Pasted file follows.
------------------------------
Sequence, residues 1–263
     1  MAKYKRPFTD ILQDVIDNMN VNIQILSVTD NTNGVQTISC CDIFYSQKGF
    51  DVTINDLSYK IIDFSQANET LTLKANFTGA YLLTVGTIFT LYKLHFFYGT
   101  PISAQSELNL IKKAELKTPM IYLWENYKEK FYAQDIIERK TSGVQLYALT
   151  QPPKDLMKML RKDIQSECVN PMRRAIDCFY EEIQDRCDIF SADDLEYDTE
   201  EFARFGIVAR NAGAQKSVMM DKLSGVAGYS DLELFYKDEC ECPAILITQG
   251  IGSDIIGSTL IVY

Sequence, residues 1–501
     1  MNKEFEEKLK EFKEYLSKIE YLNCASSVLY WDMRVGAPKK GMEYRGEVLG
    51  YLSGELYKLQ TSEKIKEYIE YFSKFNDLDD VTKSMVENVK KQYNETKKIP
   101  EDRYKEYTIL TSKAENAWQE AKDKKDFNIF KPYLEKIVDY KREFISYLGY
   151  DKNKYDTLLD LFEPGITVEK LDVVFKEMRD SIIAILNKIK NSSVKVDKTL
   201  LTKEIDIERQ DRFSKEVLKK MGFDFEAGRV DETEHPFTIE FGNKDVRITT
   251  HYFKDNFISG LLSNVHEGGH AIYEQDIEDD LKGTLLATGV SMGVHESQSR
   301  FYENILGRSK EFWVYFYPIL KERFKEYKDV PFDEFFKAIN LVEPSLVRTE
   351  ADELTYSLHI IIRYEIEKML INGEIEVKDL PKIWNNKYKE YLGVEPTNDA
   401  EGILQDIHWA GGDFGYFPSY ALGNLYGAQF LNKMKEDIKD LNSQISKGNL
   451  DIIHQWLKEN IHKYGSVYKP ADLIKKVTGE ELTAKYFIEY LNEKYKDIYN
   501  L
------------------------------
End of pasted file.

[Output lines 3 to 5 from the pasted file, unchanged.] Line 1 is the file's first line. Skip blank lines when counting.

    51  DVTINDLSYK IIDFSQANET LTLKANFTGA YLLTVGTIFT LYKLHFFYGT
   101  PISAQSELNL IKKAELKTPM IYLWENYKEK FYAQDIIERK TSGVQLYALT
   151  QPPKDLMKML RKDIQSECVN PMRRAIDCFY EEIQDRCDIF SADDLEYDTE